That’s sort of correct. Let’s advance your understanding a bit though. What actually happens is you ask your language runtime for the memory. Hold on, I can hear you ask already, “I thought C++ didn’t have a runtime. Doesn’t it get compiled directly to native code that the processor can execute directly?”

Yes, it does get compiled directly. But there’s no processor instruction that knows how to grab a million bytes to give to your program. The processor can’t even give you one byte. That’s just not its job.

The operating system does prepare memory for a running application and makes sure that the memory is isolated from other programs also running on the same computer.

When I say that your C++ program asks the runtime for memory, I’m referring to some code that gets compiled and added to your program as part of the standard library runtime. It’s not a runtime that interprets your code or manages your code.

The C++ runtime is just some functionality that, among other things, you can make use of to request memory. It works with your operating system to do this and you interact with it through the syntax of the C++ language. Depending on your operating system, you’ll have C++ libraries that make up the runtime that are designed to work with that operating system.

In C++, you create an instance of your class on the stack by just declaring a local variable of your class type within a method. And you create an instance that’s part of your program’s loaded memory by declaring a global variable or by declaring a variable within a method to be static.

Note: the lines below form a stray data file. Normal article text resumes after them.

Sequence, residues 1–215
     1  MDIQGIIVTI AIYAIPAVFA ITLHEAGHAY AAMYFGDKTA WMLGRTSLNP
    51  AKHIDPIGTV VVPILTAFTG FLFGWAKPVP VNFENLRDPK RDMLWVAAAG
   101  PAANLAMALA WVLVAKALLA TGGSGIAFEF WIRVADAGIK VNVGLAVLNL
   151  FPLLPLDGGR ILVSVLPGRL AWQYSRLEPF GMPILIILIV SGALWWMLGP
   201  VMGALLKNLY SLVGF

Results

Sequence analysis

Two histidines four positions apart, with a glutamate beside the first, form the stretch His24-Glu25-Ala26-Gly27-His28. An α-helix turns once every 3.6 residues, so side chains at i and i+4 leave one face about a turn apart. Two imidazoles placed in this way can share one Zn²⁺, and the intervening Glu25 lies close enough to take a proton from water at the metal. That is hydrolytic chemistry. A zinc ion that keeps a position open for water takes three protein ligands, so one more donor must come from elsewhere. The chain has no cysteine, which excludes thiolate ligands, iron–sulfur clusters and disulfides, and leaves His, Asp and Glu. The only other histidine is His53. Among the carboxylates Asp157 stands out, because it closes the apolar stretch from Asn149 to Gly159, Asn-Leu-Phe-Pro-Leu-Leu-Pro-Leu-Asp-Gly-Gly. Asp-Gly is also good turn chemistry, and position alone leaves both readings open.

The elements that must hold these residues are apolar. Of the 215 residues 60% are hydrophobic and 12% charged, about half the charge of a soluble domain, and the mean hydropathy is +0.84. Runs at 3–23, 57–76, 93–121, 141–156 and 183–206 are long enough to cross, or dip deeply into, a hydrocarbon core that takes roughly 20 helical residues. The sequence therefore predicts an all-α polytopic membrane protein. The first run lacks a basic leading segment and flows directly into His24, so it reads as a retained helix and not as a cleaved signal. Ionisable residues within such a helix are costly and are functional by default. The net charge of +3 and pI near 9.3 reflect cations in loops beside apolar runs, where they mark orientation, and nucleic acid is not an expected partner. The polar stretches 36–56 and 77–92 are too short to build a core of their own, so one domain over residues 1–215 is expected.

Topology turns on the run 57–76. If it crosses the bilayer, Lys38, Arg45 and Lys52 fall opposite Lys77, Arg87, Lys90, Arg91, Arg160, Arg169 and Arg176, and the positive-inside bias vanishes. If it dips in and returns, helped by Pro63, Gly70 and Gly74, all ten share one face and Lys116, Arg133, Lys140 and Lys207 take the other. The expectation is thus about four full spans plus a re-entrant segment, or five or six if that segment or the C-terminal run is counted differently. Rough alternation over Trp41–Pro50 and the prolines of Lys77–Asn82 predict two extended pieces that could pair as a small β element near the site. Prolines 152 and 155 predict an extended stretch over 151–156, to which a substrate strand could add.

And you create an instance that’s on the heap by using the C++ keyword, new. New is actually an operator, or a method, that does three things. It first allocates the required memory on the heap. It’ll work with the operating system to accomplish this and might ask for just the memory needed or it might ask for memory from the operating system in larger chunks that it will manage itself. Regardless of how it does this, it will get some memory that’s big enough for your class instance.

Once it has the memory, it calls the constructor which will setup the memory just as your class needs.

And the third thing operator new does is to return a pointer to the memory.

Your code will need to work with this variable instance through the pointer that’s returned to you. This is different than when you declared your class variable as a local variable in a method. As a local variable, you can work with your instance directly and don’t have to worry about pointers.

The reason you don’t have to worry about pointers is because you don’t have to return local variables back to memory yourself. They get destructed when the variable goes out of scope and the memory gets reclaimed when the method returns.

This means that local variables cannot live past the end of the method. That’s actually another reason why you might need to allocate variables from the heap. Any variable that you create through operator new will live until you destroy it or until your application ends and the operating system swoops in and reclaims everything.

There’s another operator called delete that acts as the opposite of new. You call new to create a new instance and get a pointer back with your freshly constructed instance. When you’re done with this instance, you pass the same pointer to operator delete to clean everything up.

Delete will perform two tasks. It’ll first call your destructor. and it will then return the memory back to the heap so the memory will be available the next time you ask for it.